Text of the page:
2. Interesting. I guess it really depends on the grape varieties. Researchers in traditional regions like Bordeaux are already exploring cultivars better adapted to varying climate conditions and diseases. French agriculture-research institutions are studying Plot 52, a parcel planted with 52 different grape varieties, including some from Portugal, Greece and Italy. The goal is to identify varieties better suited to hotter climates.

    I guess site selection also matters. Grape growers may need to plant their vineyards at higher latitudes or higher elevations to capture cooler climate conditions. In Germany’s Mosel Valley, they’re doing just that. They have moved plantings higher on the region’s hillsides, closer to the crest where the wind provides a cooling effect.

  3. Despite the uniqueness of Scandinavian wine (would it be blue?), I do not think that France and California need to be applying for visas any time soon. The cachet of Napa and Bordeaux will continue to drive consumer preferences. Even temperate Napa has wide swings in average temperatures by month (average high of 55 in January and 80 in July, per U.S. Climate Data), allowing wineries to offset spikes in temperatures by shifting crop cycles to earlier or later in the year.

    As temperatures become more volatile, I do believe that the industry will consolidate to offset the risks of operating a single vineyard and producing a failed vintage. Across several sectors in the United States, industries are consolidating. Airlines, hospital systems, consumer packaged goods, and telecommunications are less competitive than in the past. In recent years, we have already started to see several large acquisitions in wine, such as the acquisition of Prisoner Wine by Constellation Brands for $285 million in 2016. The trend could accelerate quickly considering that several Northern California wineries were founded in the age of the “Judgment of Paris” in the 1970s. The founders are prime for retirement.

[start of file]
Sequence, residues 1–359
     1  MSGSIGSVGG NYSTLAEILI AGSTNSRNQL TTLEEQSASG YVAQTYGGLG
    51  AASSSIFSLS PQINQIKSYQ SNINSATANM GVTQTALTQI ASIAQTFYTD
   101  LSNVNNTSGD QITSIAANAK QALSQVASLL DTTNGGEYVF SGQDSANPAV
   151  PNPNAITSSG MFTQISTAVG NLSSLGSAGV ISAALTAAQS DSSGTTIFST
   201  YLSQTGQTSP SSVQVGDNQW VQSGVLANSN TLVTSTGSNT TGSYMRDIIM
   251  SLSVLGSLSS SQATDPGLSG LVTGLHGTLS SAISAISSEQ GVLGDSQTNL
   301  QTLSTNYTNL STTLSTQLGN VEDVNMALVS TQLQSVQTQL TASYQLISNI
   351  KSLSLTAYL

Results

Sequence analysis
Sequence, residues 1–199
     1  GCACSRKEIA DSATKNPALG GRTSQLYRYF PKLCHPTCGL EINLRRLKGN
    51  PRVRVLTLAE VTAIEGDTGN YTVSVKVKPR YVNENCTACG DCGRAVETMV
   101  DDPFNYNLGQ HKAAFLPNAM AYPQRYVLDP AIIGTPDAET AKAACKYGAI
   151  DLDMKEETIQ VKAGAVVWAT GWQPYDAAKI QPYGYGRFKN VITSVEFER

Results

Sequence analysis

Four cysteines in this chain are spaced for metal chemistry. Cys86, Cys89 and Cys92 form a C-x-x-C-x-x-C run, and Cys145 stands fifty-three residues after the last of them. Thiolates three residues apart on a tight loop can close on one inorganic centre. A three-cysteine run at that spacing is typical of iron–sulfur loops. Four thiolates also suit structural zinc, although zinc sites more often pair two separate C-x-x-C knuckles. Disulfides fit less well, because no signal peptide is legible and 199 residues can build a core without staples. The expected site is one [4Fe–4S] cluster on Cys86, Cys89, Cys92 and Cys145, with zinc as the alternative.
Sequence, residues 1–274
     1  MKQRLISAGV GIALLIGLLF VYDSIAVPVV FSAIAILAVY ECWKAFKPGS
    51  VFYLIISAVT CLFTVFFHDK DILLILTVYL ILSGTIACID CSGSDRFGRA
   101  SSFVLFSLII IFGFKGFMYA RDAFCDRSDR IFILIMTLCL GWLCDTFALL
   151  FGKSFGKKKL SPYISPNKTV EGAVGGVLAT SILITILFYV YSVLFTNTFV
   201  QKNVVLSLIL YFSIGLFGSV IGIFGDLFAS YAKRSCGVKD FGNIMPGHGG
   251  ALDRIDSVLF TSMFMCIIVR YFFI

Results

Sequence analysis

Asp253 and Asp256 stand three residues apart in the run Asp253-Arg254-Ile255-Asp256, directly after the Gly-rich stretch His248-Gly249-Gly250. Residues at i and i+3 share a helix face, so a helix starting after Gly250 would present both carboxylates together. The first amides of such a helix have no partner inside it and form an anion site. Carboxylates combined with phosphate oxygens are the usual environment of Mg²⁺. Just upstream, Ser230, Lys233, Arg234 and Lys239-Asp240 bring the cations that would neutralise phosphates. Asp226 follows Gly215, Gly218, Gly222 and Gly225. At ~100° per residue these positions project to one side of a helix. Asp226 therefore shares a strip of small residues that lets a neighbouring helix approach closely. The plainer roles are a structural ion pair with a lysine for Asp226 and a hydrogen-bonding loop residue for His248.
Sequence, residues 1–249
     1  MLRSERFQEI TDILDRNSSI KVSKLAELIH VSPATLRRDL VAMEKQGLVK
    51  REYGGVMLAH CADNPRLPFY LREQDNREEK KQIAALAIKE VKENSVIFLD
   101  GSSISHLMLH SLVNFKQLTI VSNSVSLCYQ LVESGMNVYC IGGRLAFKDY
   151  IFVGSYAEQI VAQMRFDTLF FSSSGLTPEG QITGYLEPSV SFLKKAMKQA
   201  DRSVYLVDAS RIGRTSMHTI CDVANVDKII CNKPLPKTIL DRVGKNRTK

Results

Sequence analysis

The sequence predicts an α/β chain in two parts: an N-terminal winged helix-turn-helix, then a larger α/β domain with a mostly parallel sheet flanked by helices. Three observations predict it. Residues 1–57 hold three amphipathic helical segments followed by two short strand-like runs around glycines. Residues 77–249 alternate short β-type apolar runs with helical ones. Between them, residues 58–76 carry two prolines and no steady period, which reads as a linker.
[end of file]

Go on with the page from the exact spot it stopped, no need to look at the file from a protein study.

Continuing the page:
Warming temperatures should not be brushed aside. Yet, I also question the threat of consolidation, rising prices, and a reduction in variety. Large wine corporations with deep pockets for marketing dollars will also begin to take on the heavily advertised spirits industry. Diageo and its peers should be wary.

  4. Could there also be a benefit for existing wineries with respect to climate change? I imagine that as it becomes increasingly more difficult to produce classic varieties there will also be increasingly more demand for the remaining options. As we can see with many luxury goods, instilling a sense of scarcity and exclusivity can be a very compelling marketing tactic that allows companies to not only ensure that their product is sold but also to command a significantly higher price point. Wine connoisseurs already take great pride in discovering and owning rare/unique vintages, and a restricted supply will likely make the competition even more intense. In this scenario, wineries will have to balance the tradeoff between quantity and price in order to ensure they are able to sustain their businesses.